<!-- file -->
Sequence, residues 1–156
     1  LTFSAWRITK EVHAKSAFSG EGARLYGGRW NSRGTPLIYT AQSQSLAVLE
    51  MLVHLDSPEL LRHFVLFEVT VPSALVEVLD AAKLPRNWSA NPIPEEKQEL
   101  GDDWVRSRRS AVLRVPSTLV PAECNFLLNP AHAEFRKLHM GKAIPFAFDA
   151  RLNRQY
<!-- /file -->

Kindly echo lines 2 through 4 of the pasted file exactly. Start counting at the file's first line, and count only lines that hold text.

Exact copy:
     1  LTFSAWRITK EVHAKSAFSG EGARLYGGRW NSRGTPLIYT AQSQSLAVLE
    51  MLVHLDSPEL LRHFVLFEVT VPSALVEVLD AAKLPRNWSA NPIPEEKQEL
   101  GDDWVRSRRS AVLRVPSTLV PAECNFLLNP AHAEFRKLHM GKAIPFAFDA